Spline/Batten material & how to splice?

Discussion in 'Boat Design' started by abosely, Sep 11, 2015.

  1. abosely
    Joined: Mar 2015
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    Location: Big Island Hawaii

    abosely Senior Member

    What would be a good material or wood to make a spline/batten that can be spliced in one or two places and how do I splice it so it will make/maintain a fair curve?

    Would like to have it about 20' long and will only be used once to loft the keel and top line of bulkheads full size for Wharram Narai.

    Would MDF ripped to size and spliced work or should it be made from solid wood? If wood, what is a clear species that would work well and be available from a box store?

    Would a 12 to 1 scarf joint maintain a even fair line?

    Cheers, Allen
     
  2. upchurchmr
    Joined: Feb 2011
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    upchurchmr Senior Member

    12 to 1 should be good, don't go lower.
    Solid wood, vertical grained if you can get it. Not MDF.
    Make your splice in over sized wood, then rip it to size cutting evenly off all sides until you get what you want.
    My guess is you would want something 1" square, finished size.

    Personally I would use something stiff, not cedar.
    The biggest thing is to choose lumber which is absolutely as straight as you can find before you splice with no larger knots.
    Use a piece of angle iron to align the boards straight before you glue the scarf.
    Make sure you use some packing tape on the surfaces of the angle iron to keep the splice from sticking (actually I use aluminum cause I have it - check to see that it is straight also - about 6' would be best). Clamp in the middle of the splice, at the end of the splice, and at the end of the angle. Be sure to clamp in both directions to get the spline as straight as possible.
    Use epoxy for the splice.

    On the other hand, you could buy a 20' length of aluminum square tube, checking to see that it is straight. More money but easier to be sure of. Protect it to be sure it does not bend in handling.

    I never got to the Big Island. Does this qualify me for a ride on your Narai when its finished? :D:D:D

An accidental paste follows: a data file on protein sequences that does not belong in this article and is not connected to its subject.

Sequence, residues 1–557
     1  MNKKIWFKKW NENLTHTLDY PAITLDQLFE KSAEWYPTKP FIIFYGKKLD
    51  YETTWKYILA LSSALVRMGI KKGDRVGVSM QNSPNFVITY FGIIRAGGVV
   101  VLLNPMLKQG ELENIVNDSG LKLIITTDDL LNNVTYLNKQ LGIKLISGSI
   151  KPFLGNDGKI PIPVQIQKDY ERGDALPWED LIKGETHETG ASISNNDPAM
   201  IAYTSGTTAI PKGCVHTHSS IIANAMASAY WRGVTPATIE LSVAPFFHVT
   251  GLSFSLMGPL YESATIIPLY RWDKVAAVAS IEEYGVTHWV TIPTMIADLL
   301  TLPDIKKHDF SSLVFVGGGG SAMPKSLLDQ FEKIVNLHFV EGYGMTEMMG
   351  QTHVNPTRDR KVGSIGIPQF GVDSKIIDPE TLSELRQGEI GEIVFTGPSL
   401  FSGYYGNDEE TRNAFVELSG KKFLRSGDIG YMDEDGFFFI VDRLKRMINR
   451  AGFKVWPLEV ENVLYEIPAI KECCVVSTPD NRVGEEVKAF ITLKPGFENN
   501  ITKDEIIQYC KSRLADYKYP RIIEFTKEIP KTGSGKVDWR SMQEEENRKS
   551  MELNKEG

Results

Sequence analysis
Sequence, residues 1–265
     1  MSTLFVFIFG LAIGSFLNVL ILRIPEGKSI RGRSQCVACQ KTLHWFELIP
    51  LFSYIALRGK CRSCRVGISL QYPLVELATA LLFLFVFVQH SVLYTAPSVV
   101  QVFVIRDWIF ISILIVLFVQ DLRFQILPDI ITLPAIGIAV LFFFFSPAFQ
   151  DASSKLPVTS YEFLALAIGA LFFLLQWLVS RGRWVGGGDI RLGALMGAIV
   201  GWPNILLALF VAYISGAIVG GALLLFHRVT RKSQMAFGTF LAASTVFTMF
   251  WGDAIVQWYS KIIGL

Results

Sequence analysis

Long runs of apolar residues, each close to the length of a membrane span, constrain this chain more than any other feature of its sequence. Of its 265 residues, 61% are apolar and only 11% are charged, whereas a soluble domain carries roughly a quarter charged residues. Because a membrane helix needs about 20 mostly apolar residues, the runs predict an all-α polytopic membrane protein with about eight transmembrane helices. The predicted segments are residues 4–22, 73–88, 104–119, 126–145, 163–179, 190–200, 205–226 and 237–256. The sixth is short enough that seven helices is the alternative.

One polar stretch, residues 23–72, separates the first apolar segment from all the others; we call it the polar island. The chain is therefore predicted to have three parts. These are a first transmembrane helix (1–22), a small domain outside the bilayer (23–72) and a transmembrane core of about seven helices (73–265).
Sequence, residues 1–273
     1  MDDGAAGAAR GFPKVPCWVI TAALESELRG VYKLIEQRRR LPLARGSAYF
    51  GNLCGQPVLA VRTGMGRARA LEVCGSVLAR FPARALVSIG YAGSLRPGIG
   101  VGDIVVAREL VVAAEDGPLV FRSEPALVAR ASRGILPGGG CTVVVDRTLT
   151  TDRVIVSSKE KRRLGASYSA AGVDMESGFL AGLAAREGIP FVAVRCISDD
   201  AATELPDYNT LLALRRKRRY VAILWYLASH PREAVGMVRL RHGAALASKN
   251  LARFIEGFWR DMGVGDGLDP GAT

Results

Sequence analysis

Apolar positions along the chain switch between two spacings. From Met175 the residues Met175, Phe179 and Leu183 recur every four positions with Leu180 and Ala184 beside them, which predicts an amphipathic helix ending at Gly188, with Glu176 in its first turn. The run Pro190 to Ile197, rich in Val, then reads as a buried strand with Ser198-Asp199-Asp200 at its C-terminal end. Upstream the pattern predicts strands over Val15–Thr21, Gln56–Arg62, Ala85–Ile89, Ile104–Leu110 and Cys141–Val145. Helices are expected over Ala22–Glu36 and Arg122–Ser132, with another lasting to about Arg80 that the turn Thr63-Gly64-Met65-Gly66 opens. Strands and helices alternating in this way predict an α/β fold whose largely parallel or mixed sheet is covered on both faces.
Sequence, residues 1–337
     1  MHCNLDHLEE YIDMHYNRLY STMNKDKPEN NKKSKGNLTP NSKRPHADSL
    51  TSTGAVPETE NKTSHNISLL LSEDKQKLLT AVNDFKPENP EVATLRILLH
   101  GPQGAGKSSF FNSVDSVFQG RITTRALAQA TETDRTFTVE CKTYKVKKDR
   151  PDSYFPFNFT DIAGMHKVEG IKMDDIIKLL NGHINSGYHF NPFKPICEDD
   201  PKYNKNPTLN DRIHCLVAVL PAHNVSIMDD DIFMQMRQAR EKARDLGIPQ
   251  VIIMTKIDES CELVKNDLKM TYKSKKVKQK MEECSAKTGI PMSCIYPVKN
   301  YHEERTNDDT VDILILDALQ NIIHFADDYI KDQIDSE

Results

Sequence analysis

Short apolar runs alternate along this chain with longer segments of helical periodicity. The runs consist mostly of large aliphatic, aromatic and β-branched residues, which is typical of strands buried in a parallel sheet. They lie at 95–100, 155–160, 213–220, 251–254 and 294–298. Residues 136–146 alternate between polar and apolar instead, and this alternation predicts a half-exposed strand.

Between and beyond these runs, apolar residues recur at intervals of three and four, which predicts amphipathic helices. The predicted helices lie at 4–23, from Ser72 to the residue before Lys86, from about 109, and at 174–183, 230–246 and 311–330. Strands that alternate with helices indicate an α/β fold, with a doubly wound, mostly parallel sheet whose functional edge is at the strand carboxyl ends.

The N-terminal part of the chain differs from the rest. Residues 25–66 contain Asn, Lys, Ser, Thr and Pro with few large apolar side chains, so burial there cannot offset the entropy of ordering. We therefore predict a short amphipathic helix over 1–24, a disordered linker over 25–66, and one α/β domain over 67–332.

I hope this is a start of a How to build it blog. Have fun.
     
  3. PAR
    Joined: Nov 2003
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    PAR Yacht Designer/Builder

    Straight grained Douglas fir or any other good straight grained species will do, even cedar, though the lighter softwoods tend to be too flexible. 12:1 is standard and easy enough to do on the table saw. The dimensions should be scaled to the most severe bend. 1" square is fine for many things, but if the curves are "quick", 3/4" may be better. If you cut the batten 3/4"x 1", you'll get a more flexible battens on the 3/4" side. while still have a fairly stiff one on the 1" side. You do need to be aware of this, as one curve struck on the 1" side will be different then the 3/4" side. I dislike aluminum tubing, as it takes a "set" if bent very far, which can screw with other curves later on.
     
  4. abosely
    Joined: Mar 2015
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    abosely Senior Member

    I checked and can get a clear Douglas-Fir 2x4x16'. I'll get one and rip a few battens 1"x1" & 1"x3/4" 16' long. I checked plans and that will span 4 stations without needing spliced.

    I'm guessing that it is better not to have a splice if possible for getting smooth curve? The curve is about 1" per foot.

    Or if making a 12 to 1 scarf and then ripping to size isn't an issue, I can use a 12' and be plenty long.

    Yes upchurchmr, I'll be posting about the build and the lofting of the keel & bulkheads. I want to check the fairing midship as I'm stretching it 2', don't think it will really change much, but Hanneke suggested checking the fairing just to be sure, 2' more on 40'6" probably won't change it much.
    After I get going and actually have something to post, I'll start a build thread. It's going to be a pretty slow build at first.

    Maybe I'll post the design/styling details. She's going to be as traditional styled as possible. Late 1800s - early 1900s looking. Well other than being a Cat. Things like no winches, Schooner, wood deadeyes, sheave blocks, all rope rigging, no SS, some bronze, lots of wood, some bright work etc.. Will be looking for ideas & suggestions on styling & such.